Buried deep in a story about the newest projected toll increases on the Dulles Toll Road is a fun little tidbit: the difference between building an above ground and underground Metro station at Dulles Airport works out to 50 cents per trip on our fun-filled expressway to the wonders of Tysons.
Ultimately, the decision to go underground at the Airport could lead to a .50 cent difference in tolls on the toll road according to a report given to the board.We're going to use our fancy Fairfax County Public School math skills and assume they meant 50 cents and not one-half of one cent. Otherwise, if all that boring and tunneling and awesome miners helmets with the lights on them and whatnot is so cheap, they should just bury everything, including our beloved
But we digress. Overall, Metro construction costs will lead to a steady increase in Toll Road fares going forward, as construction (hopefully) continues on the Silver Line:
Toll rates on the Dulles Toll Road may have to jump to $5.50 by 2015 and $10.75 by 2020. Right now, the cost of a full trip on the toll road is $2.But fear not! The airport authority has, as they say in the movies, a plan:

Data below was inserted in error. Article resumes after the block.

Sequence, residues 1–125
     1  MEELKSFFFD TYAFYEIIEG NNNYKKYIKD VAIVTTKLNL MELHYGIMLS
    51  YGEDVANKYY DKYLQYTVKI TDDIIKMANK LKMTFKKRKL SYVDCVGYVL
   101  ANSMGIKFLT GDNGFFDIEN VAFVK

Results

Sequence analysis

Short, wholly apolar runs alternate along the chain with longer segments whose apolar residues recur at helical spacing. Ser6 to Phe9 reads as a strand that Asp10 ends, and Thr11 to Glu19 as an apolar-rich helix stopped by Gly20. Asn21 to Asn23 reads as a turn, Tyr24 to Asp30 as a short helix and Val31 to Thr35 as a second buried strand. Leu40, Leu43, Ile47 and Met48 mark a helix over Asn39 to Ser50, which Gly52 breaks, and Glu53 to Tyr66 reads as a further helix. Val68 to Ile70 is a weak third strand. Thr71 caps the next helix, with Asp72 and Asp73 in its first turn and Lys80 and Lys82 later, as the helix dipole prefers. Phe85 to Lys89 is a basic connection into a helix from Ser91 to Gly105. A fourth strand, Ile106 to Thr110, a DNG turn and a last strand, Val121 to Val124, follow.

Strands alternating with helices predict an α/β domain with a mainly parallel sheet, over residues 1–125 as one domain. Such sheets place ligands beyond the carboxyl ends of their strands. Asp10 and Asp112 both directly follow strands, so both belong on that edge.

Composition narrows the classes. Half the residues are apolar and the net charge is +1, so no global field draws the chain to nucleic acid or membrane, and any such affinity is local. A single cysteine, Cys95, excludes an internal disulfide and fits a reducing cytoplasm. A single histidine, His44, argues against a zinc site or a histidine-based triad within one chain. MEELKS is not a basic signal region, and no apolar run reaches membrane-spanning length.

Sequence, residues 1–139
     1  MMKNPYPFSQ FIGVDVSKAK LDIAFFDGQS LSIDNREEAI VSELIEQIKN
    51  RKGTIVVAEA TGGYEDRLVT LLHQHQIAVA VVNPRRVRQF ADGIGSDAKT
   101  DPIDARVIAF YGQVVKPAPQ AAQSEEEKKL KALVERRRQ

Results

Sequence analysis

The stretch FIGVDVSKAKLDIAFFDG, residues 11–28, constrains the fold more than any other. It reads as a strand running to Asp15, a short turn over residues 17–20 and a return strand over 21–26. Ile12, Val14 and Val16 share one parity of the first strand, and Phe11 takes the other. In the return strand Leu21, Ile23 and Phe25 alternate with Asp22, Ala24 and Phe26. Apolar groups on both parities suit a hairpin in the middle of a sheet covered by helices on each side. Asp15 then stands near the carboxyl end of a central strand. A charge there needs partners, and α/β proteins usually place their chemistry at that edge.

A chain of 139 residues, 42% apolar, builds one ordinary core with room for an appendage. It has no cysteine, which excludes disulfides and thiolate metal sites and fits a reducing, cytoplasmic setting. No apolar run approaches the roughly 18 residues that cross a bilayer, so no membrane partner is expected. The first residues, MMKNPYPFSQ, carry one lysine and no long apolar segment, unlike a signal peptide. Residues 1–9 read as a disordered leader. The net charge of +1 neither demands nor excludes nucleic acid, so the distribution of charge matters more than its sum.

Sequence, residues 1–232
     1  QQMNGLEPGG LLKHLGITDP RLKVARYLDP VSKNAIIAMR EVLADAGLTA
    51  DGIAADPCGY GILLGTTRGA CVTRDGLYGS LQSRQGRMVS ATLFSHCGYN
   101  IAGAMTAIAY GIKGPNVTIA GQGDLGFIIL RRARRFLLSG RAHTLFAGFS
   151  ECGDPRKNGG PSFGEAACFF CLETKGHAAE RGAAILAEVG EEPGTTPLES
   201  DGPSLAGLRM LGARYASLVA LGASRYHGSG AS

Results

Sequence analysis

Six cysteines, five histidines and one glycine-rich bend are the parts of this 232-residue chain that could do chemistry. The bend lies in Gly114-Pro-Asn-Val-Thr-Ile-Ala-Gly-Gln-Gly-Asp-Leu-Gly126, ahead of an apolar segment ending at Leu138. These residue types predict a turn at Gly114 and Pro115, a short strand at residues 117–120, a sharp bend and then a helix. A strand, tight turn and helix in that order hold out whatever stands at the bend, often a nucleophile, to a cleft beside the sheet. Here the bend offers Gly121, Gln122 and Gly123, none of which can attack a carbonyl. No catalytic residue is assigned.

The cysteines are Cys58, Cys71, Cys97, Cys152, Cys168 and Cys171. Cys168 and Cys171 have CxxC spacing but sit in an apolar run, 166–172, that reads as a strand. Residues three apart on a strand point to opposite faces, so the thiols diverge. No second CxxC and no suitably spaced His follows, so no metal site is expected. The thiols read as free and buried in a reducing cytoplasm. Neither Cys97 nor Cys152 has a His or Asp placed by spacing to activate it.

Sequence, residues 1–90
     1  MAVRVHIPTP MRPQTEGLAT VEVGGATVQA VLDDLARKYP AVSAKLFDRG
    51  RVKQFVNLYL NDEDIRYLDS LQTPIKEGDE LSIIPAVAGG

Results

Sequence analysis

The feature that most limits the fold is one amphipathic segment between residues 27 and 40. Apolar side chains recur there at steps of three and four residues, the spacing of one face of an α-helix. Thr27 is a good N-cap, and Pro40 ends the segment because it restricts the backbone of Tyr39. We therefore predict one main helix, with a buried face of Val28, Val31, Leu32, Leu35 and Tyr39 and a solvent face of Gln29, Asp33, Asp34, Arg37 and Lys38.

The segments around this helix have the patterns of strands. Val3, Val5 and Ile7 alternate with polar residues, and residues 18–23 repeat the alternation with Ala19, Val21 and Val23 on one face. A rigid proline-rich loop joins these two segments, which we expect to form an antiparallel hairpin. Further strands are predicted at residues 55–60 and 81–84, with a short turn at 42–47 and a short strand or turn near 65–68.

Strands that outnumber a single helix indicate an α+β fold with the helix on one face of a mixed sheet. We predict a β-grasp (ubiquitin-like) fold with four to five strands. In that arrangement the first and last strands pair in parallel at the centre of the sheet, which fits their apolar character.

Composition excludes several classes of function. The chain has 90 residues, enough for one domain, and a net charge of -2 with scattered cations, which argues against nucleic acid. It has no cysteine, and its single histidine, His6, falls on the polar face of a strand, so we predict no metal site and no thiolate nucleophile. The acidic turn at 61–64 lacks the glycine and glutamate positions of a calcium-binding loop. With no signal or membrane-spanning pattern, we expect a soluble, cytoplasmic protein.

"That's right. That's always been part of the plan -- a regular series of toll rate increases," says Bryan Grote, Financial Advisor to MWAA. "You do have these construction expenditures coming up over the next several years, and that's what has to be financed."
A group of financial advisors also urged the MWAA board to consider other tolling options on the toll road as a way to increase revenue. For example, charging more for drivers during peak hours, setting up a distance-based toll system and considering putting a toll on the Airport Access Road which is currently free.Whatever winds up coming of that, we'd better start looking under the couch cushions for quarters now.
The board has agreed to study a new transportation plan over the next six months. A better estimate for toll increases is expected after that time.
The bottom line is that the region needs the Silver Line, and the underground station is what makes the most sense as a long-term investment in an economy that's likely to be driven in large part by IAD. But someone's going to have to figure out a way to pay for this that doesn't just involve a whole pile of quarters, a couple of quarters at a time.